LSTM Home > LSTM Research > LSTM Online Archive

The APPLe Study: A Randomized, Community-Based, Placebo-Controlled Trial of Azithromycin for the Prevention of Preterm Birth, with Meta-Analysis

Van Den Broek, Nynke, White, Sarah, Goodall, Mark, Ntonya, Chikondi, Kayira, Edith, Kafulafula, George and Neilson, James P (2009) 'The APPLe Study: A Randomized, Community-Based, Placebo-Controlled Trial of Azithromycin for the Prevention of Preterm Birth, with Meta-Analysis'. PLoS Medicine, Vol 6, Issue 12, e1000191.

[img]
Preview
Text
Plos_Medicine_6_12_e1000191.pdf - Published Version
Available under License Creative Commons Attribution.

Download (530kB) | Preview

Abstract

Background

Premature birth is the major cause of perinatal mortality and morbidity in both high- and low-income countries. The causes of preterm labour are multiple but infection is important. We have previously described an unusually high incidence of preterm birth (20%) in an ultrasound-dated, rural, pregnant population in Southern Malawi with high burdens of infective morbidity. We have now studied the impact of routine prophylaxis with azithromycin as directly observed, single-dose therapy at two gestational windows to try to decrease the incidence of preterm birth.

Methods and Findings

We randomized 2,297 pregnant women attending three rural and one peri-urban health centres in Southern Malawi to a placebo-controlled trial of oral azithromycin (1 g) given at 16–24 and 28–32 wk gestation. Gestational age was determined by ultrasound before 24 wk. Women and their infants were followed up until 6 wk post delivery. The primary outcome was incidence of preterm delivery, defined as <37 wk. Secondary outcomes were mean gestational age at delivery, perinatal mortality, birthweight, maternal malaria, and anaemia. Analysis was by intention to treat. There were no significant differences in outcome between the azithromycin group (n = 1,096) and the placebo group (n = 1,087) in respect of preterm birth (16.8% versus 17.4%), odds ratio (OR) 0.96, 95% confidence interval (0.76–1.21); mean gestational age at delivery (38.5 versus 38.4 weeks), mean difference 0.16 (−0.08 to 0.40); mean birthweight (3.03 versus 2.99 kg), mean difference 0.04 (−0.005 to 0.08); perinatal deaths (4.3% versus 5.0%), OR 0.85 (0.53–1.38); or maternal malarial parasitaemia (11.5% versus 10.1%), OR 1.11 (0.84–1.49) and anaemia (44.1% versus 41.3%) at 28–32 weeks, OR 1.07 (0.88–1.30). Meta-analysis of the primary outcome results with seven other studies of routine antibiotic prophylaxis in pregnancy (>6,200 pregnancies) shows no effect on preterm birth (relative risk 1.02, 95% confidence interval 0.86–1.22).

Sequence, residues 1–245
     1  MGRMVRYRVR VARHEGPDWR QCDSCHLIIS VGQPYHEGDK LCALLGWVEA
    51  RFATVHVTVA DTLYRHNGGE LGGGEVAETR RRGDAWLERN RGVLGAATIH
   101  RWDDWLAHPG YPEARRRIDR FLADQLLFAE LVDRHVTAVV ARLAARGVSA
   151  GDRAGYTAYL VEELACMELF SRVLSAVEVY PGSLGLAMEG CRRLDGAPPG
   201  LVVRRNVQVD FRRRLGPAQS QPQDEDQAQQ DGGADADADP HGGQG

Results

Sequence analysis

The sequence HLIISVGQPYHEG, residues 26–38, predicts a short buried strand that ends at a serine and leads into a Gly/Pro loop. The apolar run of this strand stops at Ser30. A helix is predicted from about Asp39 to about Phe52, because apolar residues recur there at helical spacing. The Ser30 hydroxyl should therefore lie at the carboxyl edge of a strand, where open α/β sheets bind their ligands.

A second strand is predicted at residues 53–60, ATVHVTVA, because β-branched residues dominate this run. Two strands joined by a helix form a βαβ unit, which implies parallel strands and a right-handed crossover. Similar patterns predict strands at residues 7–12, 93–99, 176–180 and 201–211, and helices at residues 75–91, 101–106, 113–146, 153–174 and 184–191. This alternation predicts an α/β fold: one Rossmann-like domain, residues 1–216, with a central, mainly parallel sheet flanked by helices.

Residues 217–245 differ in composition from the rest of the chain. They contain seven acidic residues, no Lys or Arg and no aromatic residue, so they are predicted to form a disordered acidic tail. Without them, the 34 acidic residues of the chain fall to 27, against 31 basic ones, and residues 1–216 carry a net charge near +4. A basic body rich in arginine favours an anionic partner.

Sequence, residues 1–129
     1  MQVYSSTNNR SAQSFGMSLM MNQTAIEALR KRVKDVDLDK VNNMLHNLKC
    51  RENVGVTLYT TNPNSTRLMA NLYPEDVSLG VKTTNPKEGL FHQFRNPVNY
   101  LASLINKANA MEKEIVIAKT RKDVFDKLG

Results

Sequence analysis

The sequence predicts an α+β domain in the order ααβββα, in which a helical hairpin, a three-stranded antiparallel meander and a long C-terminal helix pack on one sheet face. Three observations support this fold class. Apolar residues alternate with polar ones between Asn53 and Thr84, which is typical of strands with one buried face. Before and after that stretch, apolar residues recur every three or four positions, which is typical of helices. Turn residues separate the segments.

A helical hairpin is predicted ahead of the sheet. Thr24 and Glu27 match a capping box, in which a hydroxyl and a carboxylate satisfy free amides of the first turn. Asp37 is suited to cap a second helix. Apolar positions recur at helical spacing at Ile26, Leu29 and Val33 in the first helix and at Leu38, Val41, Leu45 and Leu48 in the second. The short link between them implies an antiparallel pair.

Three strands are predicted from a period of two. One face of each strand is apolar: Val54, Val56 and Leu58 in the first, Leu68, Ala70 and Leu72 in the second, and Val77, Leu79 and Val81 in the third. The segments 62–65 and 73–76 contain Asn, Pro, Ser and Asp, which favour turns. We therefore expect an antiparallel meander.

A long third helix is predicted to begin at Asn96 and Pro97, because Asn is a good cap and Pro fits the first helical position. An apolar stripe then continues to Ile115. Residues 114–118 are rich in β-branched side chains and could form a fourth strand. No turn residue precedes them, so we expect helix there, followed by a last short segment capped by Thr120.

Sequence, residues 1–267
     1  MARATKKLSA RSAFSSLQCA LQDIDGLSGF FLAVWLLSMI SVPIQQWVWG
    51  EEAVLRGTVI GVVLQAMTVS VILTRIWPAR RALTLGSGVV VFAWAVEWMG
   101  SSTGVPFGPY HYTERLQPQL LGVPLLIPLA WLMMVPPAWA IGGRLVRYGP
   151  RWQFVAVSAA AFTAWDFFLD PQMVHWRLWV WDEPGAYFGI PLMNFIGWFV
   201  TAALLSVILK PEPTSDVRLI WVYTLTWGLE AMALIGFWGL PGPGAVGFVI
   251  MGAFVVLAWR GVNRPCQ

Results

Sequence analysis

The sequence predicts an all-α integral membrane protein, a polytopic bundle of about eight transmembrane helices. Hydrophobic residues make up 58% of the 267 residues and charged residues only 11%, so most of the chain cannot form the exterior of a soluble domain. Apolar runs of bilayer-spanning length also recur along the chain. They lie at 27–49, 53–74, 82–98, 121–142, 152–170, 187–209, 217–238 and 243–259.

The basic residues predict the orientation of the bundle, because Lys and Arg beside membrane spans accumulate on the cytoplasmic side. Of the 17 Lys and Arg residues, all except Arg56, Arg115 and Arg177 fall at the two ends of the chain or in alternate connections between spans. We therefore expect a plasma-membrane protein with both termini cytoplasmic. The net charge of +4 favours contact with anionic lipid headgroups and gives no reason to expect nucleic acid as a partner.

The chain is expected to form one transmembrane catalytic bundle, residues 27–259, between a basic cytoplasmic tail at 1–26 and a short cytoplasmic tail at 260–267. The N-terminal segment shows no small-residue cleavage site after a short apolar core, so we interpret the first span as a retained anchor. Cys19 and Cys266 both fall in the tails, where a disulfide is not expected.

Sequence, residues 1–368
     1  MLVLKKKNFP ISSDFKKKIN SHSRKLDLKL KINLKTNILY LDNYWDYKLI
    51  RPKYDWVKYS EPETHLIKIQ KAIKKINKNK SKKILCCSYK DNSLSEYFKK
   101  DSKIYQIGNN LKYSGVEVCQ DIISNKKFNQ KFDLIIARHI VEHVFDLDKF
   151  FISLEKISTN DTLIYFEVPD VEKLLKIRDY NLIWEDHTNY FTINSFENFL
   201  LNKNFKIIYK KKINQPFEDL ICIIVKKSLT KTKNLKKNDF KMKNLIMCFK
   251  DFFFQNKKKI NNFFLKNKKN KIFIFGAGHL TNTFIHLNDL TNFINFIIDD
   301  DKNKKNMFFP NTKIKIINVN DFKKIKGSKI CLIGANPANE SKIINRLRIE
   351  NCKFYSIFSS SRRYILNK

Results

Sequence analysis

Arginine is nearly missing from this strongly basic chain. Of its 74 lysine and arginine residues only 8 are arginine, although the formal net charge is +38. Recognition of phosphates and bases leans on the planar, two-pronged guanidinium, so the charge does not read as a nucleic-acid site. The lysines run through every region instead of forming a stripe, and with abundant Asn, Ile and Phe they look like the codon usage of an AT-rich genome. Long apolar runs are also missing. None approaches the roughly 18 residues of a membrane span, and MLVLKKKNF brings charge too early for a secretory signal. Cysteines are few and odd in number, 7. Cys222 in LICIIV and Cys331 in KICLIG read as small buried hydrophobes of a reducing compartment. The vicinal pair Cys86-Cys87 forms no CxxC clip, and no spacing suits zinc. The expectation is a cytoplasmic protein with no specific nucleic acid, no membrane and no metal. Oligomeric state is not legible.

Conclusions

This study provides no support for the use of antibiotics as routine prophylaxis to prevent preterm birth in high risk populations; prevention of preterm birth requires alternative strategies.

Item Type: Article
Subjects: QV Pharmacology > Anti-Bacterial Agents. Tissue Extracts > QV 350 Anti-bacterial agents (General or not elsewhere classified)
WA Public Health > Health Problems of Special Population Groups > WA 310 Maternal welfare
WA Public Health > Health Problems of Special Population Groups > WA 395 Health in developing countries
WA Public Health > Statistics. Surveys > WA 900 Public health statistics
WQ Obstetrics > Pregnancy Complications > WQ 225 Spontaneous abortion. Fetal death
Faculty: Department: Groups (2002 - 2012) > Child & Reproductive Health Group
Digital Object Identifer (DOI): https://doi.org/10.1371/journal.pmed.1000191
Depositing User: Users 19 not found.
Date Deposited: 12 Nov 2010 09:32
Last Modified: 06 Feb 2018 13:02
URI: http://archive.lstmed.ac.uk/id/eprint/1684

Actions (login required)

Edit Item Edit Item
Downloads per month over past year